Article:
The O Brother, Where Art Thou soundtrack is the most astounding country chart-topper since Garth Brooks hid his fern-bar roots with cowboy boots in the early '90s. Alan Jackson's Drive is a throwback to the earnest, manly songs of the neotraditional cowboys who reigned before Garth. And Kenny Chesney's seventh album, which has been battling Drive and O Brother for the top of the charts since late April, is a model of what country music has become: middle-of-the-road women's music, powered by a little classic rock and a lot of romantic fantasy.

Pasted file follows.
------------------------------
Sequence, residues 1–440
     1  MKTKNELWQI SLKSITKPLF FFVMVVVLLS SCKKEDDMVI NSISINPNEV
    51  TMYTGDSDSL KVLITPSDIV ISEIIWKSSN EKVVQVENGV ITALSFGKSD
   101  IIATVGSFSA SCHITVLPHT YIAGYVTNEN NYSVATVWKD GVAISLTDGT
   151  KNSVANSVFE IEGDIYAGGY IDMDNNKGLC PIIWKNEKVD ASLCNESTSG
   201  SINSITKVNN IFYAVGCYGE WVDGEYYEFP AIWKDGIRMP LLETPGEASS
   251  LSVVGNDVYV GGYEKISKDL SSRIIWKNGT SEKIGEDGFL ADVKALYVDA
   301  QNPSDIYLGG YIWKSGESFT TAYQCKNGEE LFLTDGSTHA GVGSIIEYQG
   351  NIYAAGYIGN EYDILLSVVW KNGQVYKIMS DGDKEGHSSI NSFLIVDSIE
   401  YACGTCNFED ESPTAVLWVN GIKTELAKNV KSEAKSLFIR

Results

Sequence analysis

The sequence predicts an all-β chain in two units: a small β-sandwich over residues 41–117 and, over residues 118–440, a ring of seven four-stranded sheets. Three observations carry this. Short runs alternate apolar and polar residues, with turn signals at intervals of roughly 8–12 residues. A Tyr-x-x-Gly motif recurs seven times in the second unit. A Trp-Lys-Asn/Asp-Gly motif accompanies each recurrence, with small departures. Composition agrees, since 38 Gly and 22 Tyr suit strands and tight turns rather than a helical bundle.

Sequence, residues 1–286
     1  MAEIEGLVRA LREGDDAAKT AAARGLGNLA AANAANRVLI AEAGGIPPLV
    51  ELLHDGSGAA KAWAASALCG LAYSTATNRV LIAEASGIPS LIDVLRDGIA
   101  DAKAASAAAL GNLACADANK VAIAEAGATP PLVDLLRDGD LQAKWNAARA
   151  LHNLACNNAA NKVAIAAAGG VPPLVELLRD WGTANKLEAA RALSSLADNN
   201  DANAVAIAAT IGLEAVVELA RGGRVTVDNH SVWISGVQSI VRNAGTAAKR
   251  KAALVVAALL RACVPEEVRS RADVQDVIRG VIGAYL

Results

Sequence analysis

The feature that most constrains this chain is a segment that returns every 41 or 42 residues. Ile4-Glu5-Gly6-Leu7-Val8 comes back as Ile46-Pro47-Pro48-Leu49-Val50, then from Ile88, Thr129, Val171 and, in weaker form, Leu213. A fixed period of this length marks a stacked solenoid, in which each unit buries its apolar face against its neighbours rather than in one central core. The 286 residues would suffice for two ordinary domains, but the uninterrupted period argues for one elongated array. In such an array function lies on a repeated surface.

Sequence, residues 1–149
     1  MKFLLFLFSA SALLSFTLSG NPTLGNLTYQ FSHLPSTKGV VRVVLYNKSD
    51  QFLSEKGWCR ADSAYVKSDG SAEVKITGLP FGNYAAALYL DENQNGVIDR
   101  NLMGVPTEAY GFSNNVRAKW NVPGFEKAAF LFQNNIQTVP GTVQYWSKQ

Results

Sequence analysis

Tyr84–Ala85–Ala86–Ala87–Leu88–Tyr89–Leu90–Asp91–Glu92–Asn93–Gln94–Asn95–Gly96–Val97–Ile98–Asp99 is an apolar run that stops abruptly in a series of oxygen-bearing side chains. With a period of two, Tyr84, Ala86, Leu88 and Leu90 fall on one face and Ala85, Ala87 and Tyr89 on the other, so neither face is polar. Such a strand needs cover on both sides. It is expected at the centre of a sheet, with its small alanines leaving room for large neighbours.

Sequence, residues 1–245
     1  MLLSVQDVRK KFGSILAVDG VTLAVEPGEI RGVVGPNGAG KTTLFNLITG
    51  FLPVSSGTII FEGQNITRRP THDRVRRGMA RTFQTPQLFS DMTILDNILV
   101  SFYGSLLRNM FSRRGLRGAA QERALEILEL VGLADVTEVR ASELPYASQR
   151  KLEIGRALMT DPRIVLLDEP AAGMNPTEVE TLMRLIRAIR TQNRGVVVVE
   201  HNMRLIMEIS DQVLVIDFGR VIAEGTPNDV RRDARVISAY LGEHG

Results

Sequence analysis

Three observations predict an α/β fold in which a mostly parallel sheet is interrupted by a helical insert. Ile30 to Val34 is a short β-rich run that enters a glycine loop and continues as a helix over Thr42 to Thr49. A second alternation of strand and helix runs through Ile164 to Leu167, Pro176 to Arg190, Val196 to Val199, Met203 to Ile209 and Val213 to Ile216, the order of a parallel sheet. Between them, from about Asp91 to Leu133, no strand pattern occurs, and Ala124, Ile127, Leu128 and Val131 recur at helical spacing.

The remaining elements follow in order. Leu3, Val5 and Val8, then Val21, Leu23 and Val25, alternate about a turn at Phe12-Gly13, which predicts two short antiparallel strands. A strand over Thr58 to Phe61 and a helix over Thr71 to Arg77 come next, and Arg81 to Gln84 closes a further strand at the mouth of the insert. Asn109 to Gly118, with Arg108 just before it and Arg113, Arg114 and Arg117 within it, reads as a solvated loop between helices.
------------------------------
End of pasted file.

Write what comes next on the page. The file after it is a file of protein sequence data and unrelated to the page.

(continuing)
Those outside Chesney's target demographic might snicker at the calculation in the string of slow-to-midtempo ballads about upright men who either treat their women like queens or regret it when they don't. But that overlooks how skillfully at least a few of these fantasies are turned (any country traditionalist, neo or otherwise, would kill for a weeper like Chesney's "A Lot of Things Different") and how smoothly this heartthrob has mellowed since "She Thinks My Tractor's Sexy." Now if he'd only can that Journey-lovin' guitar player.